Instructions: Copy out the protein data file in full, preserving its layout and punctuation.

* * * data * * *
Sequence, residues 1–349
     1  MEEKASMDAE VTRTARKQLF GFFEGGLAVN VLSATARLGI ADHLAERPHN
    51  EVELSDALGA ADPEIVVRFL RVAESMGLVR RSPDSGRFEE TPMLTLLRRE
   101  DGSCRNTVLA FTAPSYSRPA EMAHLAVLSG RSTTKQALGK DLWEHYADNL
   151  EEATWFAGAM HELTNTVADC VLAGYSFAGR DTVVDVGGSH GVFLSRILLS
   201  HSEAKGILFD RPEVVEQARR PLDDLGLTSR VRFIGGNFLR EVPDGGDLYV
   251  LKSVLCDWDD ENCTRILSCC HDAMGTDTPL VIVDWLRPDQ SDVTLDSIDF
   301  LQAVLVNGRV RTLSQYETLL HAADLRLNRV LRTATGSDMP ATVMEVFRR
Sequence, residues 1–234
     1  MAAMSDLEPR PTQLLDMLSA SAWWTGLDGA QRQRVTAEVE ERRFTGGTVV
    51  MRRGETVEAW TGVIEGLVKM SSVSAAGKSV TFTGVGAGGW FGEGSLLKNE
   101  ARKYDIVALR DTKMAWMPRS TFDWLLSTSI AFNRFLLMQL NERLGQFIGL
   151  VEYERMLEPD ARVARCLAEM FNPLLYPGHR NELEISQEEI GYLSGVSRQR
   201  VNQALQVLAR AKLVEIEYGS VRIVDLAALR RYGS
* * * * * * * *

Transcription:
Sequence, residues 1–349
     1  MEEKASMDAE VTRTARKQLF GFFEGGLAVN VLSATARLGI ADHLAERPHN
    51  EVELSDALGA ADPEIVVRFL RVAESMGLVR RSPDSGRFEE TPMLTLLRRE
   101  DGSCRNTVLA FTAPSYSRPA EMAHLAVLSG RSTTKQALGK DLWEHYADNL
   151  EEATWFAGAM HELTNTVADC VLAGYSFAGR DTVVDVGGSH GVFLSRILLS
   201  HSEAKGILFD RPEVVEQARR PLDDLGLTSR VRFIGGNFLR EVPDGGDLYV
   251  LKSVLCDWDD ENCTRILSCC HDAMGTDTPL VIVDWLRPDQ SDVTLDSIDF
   301  LQAVLVNGRV RTLSQYETLL HAADLRLNRV LRTATGSDMP ATVMEVFRR
Sequence, residues 1–234
     1  MAAMSDLEPR PTQLLDMLSA SAWWTGLDGA QRQRVTAEVE ERRFTGGTVV
    51  MRRGETVEAW TGVIEGLVKM SSVSAAGKSV TFTGVGAGGW FGEGSLLKNE
   101  ARKYDIVALR DTKMAWMPRS TFDWLLSTSI AFNRFLLMQL NERLGQFIGL
   151  VEYERMLEPD ARVARCLAEM FNPLLYPGHR NELEISQEEI GYLSGVSRQR
   201  VNQALQVLAR AKLVEIEYGS VRIVDLAALR RYGS